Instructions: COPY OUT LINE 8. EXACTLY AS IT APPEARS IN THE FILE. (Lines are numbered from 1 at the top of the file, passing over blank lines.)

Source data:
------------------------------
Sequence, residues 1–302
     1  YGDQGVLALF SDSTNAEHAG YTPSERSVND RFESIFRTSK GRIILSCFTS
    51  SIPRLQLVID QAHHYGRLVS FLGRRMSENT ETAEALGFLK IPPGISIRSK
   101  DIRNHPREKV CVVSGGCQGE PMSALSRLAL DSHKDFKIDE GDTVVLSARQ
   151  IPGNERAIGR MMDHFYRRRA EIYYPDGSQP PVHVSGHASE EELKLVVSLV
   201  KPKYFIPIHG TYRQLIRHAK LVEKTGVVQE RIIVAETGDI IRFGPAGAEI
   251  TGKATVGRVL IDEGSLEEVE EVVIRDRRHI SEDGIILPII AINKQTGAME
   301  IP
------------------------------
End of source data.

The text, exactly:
   301  IP